February is not only the month of love; it’s also Black History Month.
We want to celebrate African American trailblazers in pharmacy and medicine for their contributions and their empowering achievements in breaking societal barriers and stereotypes.
These pioneers represent only a handful of the key individuals who have made a significant historical impact on healthcare, and more individuals have helped pave the way, so we encourage you all to research and continue to educate yourself in their honor.
Dr. Rebecca Lee Crumpler
Dr. Rebecca Lee Crumpler was the first black woman to become a physician in the United States. Before attending medical school, Dr. Crumpler worked as a nurse and was the only black graduate from New England Female Medical College in 1864. Additionally, Dr. Crumpler wrote and published a book on children’s and women’s health, A Book of Medical Discourses: In Two Parts. This publication is believed to be one of the first medical books written by an African American.
Dr. Herbert W. Nickens
Dr. Herbert W. Nickens was the first director of the Office of Minority Health at the U.S. Department of Health and Human Services. He set the foundation for promoting improved health among racial and ethnic minorities. Nickens was also an influential part of the AAMC. He was the founding vice president of the AAMC Division of Community and Minority Programs, now known as Diversity Policy and Programs. He enrolled 3,000 students from underrepresented minority groups in U.S. medical schools annually.
Julia Pearl Hughes
Julia Pearl Hughes was one of the first African Americans to graduate from Howard University with a pharmaceutical degree. After graduating, Dr. Hughes got a job at Frederick Douglas hospital, where she was one of the first black hospital pharmacists. Later on, Dr. Hughes opened her own drugstore and created a hair care product called “Hair-Vim.” Her product became wildly successful and was even endorsed by celebrities during those times.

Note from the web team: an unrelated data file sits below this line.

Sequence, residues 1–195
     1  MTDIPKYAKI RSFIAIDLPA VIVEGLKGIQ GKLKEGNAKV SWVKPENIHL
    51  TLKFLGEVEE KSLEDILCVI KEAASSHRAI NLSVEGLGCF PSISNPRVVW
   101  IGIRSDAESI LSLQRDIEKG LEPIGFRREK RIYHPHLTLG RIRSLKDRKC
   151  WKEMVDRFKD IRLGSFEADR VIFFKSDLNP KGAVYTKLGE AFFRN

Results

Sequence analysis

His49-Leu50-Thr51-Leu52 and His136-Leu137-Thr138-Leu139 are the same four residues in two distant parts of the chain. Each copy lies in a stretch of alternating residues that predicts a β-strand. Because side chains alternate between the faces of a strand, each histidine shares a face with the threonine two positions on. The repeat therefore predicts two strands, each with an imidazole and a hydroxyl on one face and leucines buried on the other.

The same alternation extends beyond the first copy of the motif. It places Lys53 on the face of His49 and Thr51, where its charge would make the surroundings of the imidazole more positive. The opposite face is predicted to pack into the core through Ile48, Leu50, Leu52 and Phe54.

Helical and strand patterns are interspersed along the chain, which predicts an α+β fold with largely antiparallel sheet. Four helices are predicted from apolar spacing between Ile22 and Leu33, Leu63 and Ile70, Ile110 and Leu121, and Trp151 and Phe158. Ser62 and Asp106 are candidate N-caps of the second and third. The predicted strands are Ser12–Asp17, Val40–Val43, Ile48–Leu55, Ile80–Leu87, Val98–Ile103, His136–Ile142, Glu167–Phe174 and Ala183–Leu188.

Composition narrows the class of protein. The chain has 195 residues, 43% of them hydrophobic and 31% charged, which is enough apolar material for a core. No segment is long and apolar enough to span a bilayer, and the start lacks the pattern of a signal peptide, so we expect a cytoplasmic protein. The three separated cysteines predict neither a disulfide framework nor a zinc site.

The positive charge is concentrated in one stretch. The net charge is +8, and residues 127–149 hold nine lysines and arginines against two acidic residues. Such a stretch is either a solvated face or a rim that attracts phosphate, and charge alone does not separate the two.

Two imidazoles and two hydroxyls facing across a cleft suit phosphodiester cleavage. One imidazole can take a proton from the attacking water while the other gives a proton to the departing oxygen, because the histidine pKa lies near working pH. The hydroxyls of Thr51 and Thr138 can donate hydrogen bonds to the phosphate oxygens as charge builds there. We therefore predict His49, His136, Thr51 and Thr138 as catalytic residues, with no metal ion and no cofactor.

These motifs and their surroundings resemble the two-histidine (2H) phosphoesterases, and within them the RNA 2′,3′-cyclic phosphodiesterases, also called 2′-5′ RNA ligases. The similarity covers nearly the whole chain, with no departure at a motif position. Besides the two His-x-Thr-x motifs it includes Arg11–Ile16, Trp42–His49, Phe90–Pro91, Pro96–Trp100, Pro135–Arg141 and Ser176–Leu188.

Amanda Gray Hillier
Amanda Gray Hillier was a pioneer activist, educator, and pharmacist. Like Dr. Hughes, Gray also received her pharmaceutical graduate degree from Howard University while being heavily active in the community’s ongoing social, political, and cultural issues. In 1905, Dr. Gray became a pharmacist in Washington D.C and opened Fountain Pharmacy, making her the first black woman to own and operate a pharmacy in Washington, D.C.
Sidney Barthwell came from a low-income family and, despite all odds, was able to graduate with a degree in pharmacy from Wayne State University. Barthwell acquired his first pharmacy and made a point to help blacks by either employing them or finding them work with other pharmacists. Dozens of pharmacists later, Barthwell Drugs was born, and it was the first and largest black-owned pharmacy in the United States. Barthwell began opening a new store about every two years until he had 13 stores around Detroit. Sadly, national pharmacy and drug store chains eventually drove Barthwell Drugs out of business, with the last location closing its doors in 1987.